Th commercial fishing industry grew at the port, carrying well into a 20th century and sustaining the village as manufacturing businesses diminished. The Barcelona Harbor went through a construction phase in the early 20th century to accommodate the growing fishing industry in the area. The harbor was an important hub for the commercial fishing industry, which often took in 140 million pounds of catch in a single year. Further plans to expand and improve the harbor were made in the 1940s, including plans to construct the Daniel Alden Reed Pier. Unfortunately, in the 1950s, due to a hundred years of abuse, fish populations collapsed and the commercial industry tanked. The pier, having already secured funds, was still constructed.
The harbor then turned to serve tourists and recreational fishermen. A few residents also opened businesses catering to tourists, and this did well for a time. In 1960, the US government erected a 693-ft-long east breakwater and a 790-ft-long west breakwater to enhance and protect the harbor for recreational activities. Extensions were added to both in 1984.
Recently, much of the tourism commerce has migrated south to the village of Westfield, with just a few serving Barcelona today, such as the B&Bs across the street from the lighthouse.
Barcelona Harbor Lighthouse
The Barcelona Lighthouse was built in 1829, as part of the federal government’s efforts to improve navigation on Lake Erie. At a cost of $2,700, Judge Thomas Campbell built the 40-ft tall octagonal stone tower and keeper’s dwelling. Native rough-split fieldstone was used in their construction. The light was originally an Argand lamp with a reflector and it had a range of 5 miles. Out of an appropriation of $5,000, construction was under-budget at a total of $3,506.78 when the finishing touches were put on in 1829. On May 27, 1829 Joshua Lane was appointed the first lighthouse keeper at a salary of $350 per year. The light was first powered by oil, but upon discovery of natural gas deposits less than a mile south of the village, it was converted to run continuously on natural gas beginning on January 1, 1831. Hollow wooden pipes were used to carry the gas from the spring, but the whole system was unreliable. Oil remained as a backup. It was the first lighthouse in the country to use natural gas.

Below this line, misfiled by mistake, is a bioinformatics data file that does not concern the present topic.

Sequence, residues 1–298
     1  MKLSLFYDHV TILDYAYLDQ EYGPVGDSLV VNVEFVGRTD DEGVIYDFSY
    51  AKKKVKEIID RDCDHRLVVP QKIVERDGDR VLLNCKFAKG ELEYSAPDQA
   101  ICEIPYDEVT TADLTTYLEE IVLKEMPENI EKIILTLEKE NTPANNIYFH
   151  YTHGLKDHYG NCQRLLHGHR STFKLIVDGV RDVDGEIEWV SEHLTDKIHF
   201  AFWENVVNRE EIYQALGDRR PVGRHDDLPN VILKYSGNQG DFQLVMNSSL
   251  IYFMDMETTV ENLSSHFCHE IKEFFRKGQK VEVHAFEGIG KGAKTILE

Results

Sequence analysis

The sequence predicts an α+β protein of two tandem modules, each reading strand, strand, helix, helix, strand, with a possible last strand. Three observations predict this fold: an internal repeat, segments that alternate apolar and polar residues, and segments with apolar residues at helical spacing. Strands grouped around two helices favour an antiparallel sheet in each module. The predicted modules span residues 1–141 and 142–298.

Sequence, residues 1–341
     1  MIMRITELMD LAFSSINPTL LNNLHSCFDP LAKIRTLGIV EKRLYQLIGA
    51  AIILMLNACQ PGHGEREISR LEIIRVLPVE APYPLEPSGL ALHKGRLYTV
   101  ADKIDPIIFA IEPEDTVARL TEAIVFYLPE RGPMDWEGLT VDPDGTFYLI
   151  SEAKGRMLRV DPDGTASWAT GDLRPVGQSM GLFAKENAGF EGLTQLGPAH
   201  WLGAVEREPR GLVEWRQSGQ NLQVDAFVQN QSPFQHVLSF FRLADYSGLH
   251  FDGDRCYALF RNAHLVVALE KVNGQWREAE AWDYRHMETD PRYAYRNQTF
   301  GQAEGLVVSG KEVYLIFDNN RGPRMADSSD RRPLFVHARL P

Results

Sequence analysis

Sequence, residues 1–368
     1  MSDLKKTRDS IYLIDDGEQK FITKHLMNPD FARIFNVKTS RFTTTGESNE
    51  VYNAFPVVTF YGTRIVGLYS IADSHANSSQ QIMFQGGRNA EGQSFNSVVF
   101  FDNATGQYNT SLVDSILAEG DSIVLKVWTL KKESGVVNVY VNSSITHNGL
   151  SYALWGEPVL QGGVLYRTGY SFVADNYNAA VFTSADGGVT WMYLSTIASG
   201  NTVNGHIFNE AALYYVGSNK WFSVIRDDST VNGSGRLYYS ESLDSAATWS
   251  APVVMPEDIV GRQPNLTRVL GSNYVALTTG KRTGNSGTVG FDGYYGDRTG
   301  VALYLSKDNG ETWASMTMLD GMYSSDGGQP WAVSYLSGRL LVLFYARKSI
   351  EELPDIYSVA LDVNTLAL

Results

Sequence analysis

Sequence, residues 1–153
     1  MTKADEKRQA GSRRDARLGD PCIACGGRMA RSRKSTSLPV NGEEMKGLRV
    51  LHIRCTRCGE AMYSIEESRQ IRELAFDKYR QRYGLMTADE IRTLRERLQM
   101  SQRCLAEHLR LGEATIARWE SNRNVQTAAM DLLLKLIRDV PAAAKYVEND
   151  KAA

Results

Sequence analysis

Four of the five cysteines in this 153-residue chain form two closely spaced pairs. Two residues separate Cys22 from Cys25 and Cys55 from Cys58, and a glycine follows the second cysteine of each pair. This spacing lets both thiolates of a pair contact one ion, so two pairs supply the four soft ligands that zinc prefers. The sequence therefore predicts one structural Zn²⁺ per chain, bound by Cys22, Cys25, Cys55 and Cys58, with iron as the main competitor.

The lighthouse was in operation for many decades, and it played an important role in the growth and development of the region. Many ships relied on the light to navigate the lake safely, and it was a vital link in the transportation network of the Great Lakes. Several factors led to the demise of the lighthouse as a navigational beacon. Development of the harbor, including the construction of breakwaters extended the reach of the harbor and expressed the need for navigational beacons further out in the lake. The decline of the shipping industry and the damage from the 1844 storm, further changed the landscape and its importance. The light stopped operations sometime between 1851 and 1852 and closed completely in 1859. It was slated for teardown and the land sold to the highest bidder. Oddly enough, there were no sales and the lighthouse remained closed and unoccupied until 1872 when Lt. Governor George Patterson bought the land for $5 and the buildings for $500. The Patterson family owned and kept up the property for 126 years. For a brief period in 1941 a Dunkirk company opened the dwelling as a refreshment stand. In 1943, the Patterson family did various improvements to the keeper’s dwelling, including expansions, as well as restorations of the tower.
In the early 20th century, with the advent of new technologies, such as electric lights, the Barcelona Lighthouse was decommissioned and replaced by a newer and more powerful electric light located on the breakwall.
In 2008, the New York State Office of Parks, Recreation and Historic Preservation acquired the property and structures. The keeper’s dwelling was modified into a museum and visitors’ center. Today, the lighthouse is open to visitors during the summer months, and it is a popular tourist attraction in the area. Visitors can tour the lighthouse and learn about the history of the lighthouse and the life of the lighthouse keeper. Improvements, including restoring access up the centuries old tower are slowly in the works.